Charity fundraising is at risk of being left behind as the world’s attention shifts to internet activity. Taking cues from the COVID-19 pandemic trends and new payment technology, on the other hand, could open openings.
The change will happen whether you are ready or not, but being prepared means you will be able to seize the chance. The past year has radically increased the pace of digital transition – granted, personal interaction was already going online, and contactless payments were gradually replacing cash, but the epidemic pushed the world quicker and farther than anyone predicted. This raises unique problems for the charity sector, as well as some interesting opportunities.
Bring the word to the people
The pandemic has severely restricted charity activities and street fundraising, two main traditional revenue streams. However, the lockout has unleashed some inspiring innovative thinking, such as the 2.6 Challenge, in which sports and fundraising organizations invited the people to create their own private challenges to fill the void left by the London Marathon. The genius of such personal fundraising initiatives is that they are, well, personal.
Consider Captain Tom Moore, who raised more than 32 million euros ($44 million) by simply pacing around his lawn! This demonstrates quite starkly how an individual effort may generate significantly greater interest than, say, a marathon team: Supporters are inspired when they can see the motivation behind each challenge. It all comes down to storytelling and genuineness. To stand out among a slew of concerns competing for public attention, and to re-establish the path to positive feelings of donating, it’s critical to emphasize the “why” — make it personal, keep it relatable.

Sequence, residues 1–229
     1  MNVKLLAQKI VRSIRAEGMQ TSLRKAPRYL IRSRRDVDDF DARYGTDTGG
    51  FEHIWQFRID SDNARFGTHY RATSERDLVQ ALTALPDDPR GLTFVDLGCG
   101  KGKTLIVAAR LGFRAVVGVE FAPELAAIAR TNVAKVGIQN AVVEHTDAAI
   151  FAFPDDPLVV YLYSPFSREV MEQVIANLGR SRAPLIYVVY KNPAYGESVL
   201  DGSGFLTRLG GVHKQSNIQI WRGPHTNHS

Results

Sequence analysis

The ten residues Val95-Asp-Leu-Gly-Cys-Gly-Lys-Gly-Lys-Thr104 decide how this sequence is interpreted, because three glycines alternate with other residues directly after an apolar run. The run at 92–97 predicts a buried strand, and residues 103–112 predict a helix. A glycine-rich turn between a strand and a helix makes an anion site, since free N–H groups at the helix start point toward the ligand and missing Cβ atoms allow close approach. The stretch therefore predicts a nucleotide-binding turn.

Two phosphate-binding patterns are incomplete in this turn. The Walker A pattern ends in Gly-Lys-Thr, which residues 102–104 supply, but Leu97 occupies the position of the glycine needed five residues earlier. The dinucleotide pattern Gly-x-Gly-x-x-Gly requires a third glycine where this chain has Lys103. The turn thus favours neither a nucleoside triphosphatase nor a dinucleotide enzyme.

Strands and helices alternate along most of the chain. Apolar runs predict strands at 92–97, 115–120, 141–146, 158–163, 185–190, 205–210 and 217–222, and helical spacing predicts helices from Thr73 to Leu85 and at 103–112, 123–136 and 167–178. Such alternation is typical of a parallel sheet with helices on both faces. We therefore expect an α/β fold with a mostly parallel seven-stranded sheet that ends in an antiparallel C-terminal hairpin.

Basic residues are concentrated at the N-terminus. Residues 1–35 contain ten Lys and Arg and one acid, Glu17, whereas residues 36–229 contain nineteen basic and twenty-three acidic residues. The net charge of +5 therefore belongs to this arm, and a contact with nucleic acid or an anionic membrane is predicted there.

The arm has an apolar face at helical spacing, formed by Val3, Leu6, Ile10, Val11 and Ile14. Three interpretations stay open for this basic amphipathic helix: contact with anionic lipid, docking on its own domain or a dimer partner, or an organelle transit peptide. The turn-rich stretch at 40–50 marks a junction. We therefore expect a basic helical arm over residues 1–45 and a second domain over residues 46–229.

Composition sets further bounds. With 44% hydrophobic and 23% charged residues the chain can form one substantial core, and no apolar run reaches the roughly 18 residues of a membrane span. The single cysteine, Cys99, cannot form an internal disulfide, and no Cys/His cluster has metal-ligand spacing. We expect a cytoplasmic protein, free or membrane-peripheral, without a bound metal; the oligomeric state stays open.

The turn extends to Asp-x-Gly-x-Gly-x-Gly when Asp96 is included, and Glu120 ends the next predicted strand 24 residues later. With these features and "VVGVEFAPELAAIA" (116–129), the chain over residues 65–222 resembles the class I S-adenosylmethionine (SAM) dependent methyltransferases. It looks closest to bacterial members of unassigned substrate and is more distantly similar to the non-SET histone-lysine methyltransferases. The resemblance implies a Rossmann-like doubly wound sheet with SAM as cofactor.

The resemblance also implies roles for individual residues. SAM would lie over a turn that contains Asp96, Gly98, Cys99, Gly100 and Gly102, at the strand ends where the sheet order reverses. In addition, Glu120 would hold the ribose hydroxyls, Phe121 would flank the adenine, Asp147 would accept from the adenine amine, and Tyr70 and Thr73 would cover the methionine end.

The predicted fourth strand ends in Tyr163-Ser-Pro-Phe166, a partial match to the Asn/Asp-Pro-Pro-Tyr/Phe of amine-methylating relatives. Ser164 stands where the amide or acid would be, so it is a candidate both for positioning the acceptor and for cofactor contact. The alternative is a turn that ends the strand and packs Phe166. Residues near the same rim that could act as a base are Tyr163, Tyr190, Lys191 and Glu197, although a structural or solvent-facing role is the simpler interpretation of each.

While large occasions like this capture people’s attention and generate a flow of impulsive donations, charities rely on repeat donations and peer-to-peer fundraising to stay afloat. Organizations must turn one-time contributors into engaged supporters who are committed to spreading their message.
Because of the power of storytelling, online fundraising can be very effective at this task. According to studies, 57% of people who see a fundraising video make a donation but wonder how much more might be done. A charity or activist website can serve as a forum for both helpers and those who are helped to communicate their experiences, motives, and the impact of their actions. How may individual internet efforts contribute to larger-scale change? How might online social tools help to foster community? And how do we organize a demographic that no longer believes established groups will do the right thing once the donations are made, or that believes the agenda should be dictated only by the largest donors?
Transparency and accountability are becoming increasingly important in all facets of life. The same is true for social causes: Young people want to know that they have an impact. Show them a track record of effective action combined with appropriate management, and they will help you spread the message. Explain what resources are required, as well as how they will and have been used. Groups that use social networks and universal tools that are simple to use and comprehend will be in the greatest position to gain the trust and loyalty of the current generation.
Embedded payments open up additional possibilities.
Let’s go into the nitty gritty of payments. The actual process of making an internet donation might be difficult. Donors are normally required to fill out a thorough form, including their name and multiple methods of contact, before proceeding to the payment details. A moment of generosity and genuine willingness to contribute may turn sour when more and more demands are made on people who believe their personal information is being stored in a database.
Blockchain technology has the potential to significantly simplify this phase. Wouldn’t you expect a charity website to build a micropayment layer that allowed donors to contribute any amount with the click of a button — no forms to fill out, no personal data to give up — to unleash goodwill, let alone giving? This is a distinct possibility. Once the technology is widely used, it will not only make online donations easier, but it will also pave the way for intriguing new forms of fundraising.